I have been reviewing 4th Wall Theatre since its inception (when it was 4th Wall Musical Theatre), and just when I think they can't mount a better production (Assassins, Kiss of the Spider Woman, Nine, to name a few), they outdo themselves! This time out it's a splendid production of The Spitfire Grill, but you'd better hurry over to the Westminster Arts Center in Bloomfield because the show runs only two weekends, closing October 23.
Based on a critically successful 1996 small-budget film starring Ellen Burstyn, this off-beat play is perfect for the WAC stage. The music, reminiscent of Sondheim melodies leavened by country music rhythms, is powerfully sung by very talented actors, accompanied by a violin, cello, accordion, guitar and keyboard—along with an ax head being sharpened and a pail of gravel—all under the masterful direction of Kate Swan, with Markus Hauck’s terrific and very appropriate musical direction.
The tale is a simple one: Hannah Ferguson, grumpy and taciturn owner of a small café in the economically strapped very small hamlet of Gilead, Wisconsin, agrees to employ Percy Talbott, a young woman recently released from prison after serving five years for a murder. Percy’s arrival upsets the townfolk, who are not very welcoming —“Gilead’s a place for livin’, not comin’ to”—but Percy soon touches everyone’s life in significant ways. The unraveling of Hannah’s and Percy’s secrets provides the drama and keeps the audience riveted to their seats until the lights go down at the end!
Kate Swan's sure-handed direction is evident as the actors change scenes—and there are many— seamlessly, and the seven actors play their roles so naturally and convincingly that the audience is transported to Gilead in the blink of an eye. Alexis Field (right) is both tough and vulnerable as Percy, a self-styled “wild bird” who has come seeking peace and the “colors of Paradise” she’s seen in a travel advertisement for the region. Field looks every bit the West Virginia gal she’s playing (and sounds like one too), and you can’t help but like her. Her initial clumsiness as a waitress is hilarious, her earnestness touching and her voice powerful. As Hannah, Jodi Freeman Maloy (center) is crustiness personified, which makes her subsequent softening up even more poignant. This lonely woman has walled herself off from the world to hide a terrible secret; Percy’s love and needs make her feel wanted and important. Katie Bland's Shelby Thorpe (left), is more of a cipher; as the play is written, it’s difficult to discern the reason for her cowering behavior. Living with an abusive, domineering husband doesn’t totally explain it. But Thorpe’s beautiful voice is especially wonderful in her duets with Field, and she plays frightened mouse turned strong woman very well. (Photo: Tom Schopper)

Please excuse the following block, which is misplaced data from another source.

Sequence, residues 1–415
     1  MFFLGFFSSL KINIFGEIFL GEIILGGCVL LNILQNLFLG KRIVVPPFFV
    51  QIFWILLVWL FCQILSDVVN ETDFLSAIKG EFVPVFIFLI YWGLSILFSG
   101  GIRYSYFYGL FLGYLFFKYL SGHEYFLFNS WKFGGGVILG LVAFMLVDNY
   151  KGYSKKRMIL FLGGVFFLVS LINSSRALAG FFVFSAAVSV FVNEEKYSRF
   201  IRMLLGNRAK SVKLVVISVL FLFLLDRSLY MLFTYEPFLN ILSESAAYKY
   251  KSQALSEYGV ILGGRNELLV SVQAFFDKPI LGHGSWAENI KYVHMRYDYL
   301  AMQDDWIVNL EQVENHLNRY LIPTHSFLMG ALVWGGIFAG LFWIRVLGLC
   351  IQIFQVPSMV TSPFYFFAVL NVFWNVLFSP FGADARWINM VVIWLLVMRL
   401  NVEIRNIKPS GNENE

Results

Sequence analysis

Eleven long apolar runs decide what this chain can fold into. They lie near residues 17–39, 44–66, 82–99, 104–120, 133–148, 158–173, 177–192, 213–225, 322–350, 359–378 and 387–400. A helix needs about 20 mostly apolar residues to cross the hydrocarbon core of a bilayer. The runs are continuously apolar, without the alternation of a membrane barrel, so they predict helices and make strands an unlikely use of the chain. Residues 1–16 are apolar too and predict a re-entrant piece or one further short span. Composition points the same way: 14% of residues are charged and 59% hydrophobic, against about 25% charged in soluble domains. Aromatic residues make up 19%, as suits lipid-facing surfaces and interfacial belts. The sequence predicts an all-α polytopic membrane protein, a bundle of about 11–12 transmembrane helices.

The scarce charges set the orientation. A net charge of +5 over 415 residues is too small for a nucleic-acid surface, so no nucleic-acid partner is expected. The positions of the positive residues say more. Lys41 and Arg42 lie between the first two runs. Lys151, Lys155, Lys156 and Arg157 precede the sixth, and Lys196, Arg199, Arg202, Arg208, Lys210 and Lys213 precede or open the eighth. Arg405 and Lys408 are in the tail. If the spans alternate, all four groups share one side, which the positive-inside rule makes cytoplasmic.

The villains of the piece are two: Shelby’s husband Caleb and the town gossip Effy Krayneck. Kurt Robinson plays Caleb as a menacing bully, but he, too, has a vulnerable side which Robinson projects with his fine voice and body language. His defeated slump speaks volumes. As Effy, Christine Orzepowski's potential for causing harm is tempered by her deft comic timing and the terrific ability to put across a song. And Danny Arnold is a terrific foil for these two as Sheriff Joe Sutter, the voice of justice and good and a major instrument in Percy’s rehabilitation. He too has a beautiful voice and great stage presence. Watching his affection for Percy grow is heart-warming.
The production values of The Spitfire Grill are as terrific as the acting. Nicholas Marmo's lighting design is superb, smooth and very atmospheric; magically, the lights move with the actors. Robert Lavagno's set is a small town café to a T, and the actors get to use every inch of the small stage as they tell the story. The evocative and appropriate costumes by Janet Lazar convey the passage of time—especially the get-ups worn by Effy.
Theater is a transforming medium. It entertains us, lets us look through a window into the lives of others and provides a mirror for our own. The Spitfire Grill at 4th Wall Theatre does all this and more: it makes one believe in the goodness of human beings even as the news would show us otherwise. For these reasons, don't miss this production.
The Spitfire Grill will be performed at the Westminster Arts Center on the campus of Bloomfield College (a beautiful former church and a must-see itself). 449 Franklin Street in Bloomfield, just off Exit 148 on the Garden State Parkway, through Sunday, October 23. Performances are 8 PM Fridays and Saturdays, and Sunday, October 23, at 3 PM. For information and tickets, call 973.748.9008, ext. 279 or visit online at www.4thwalltheatre.org .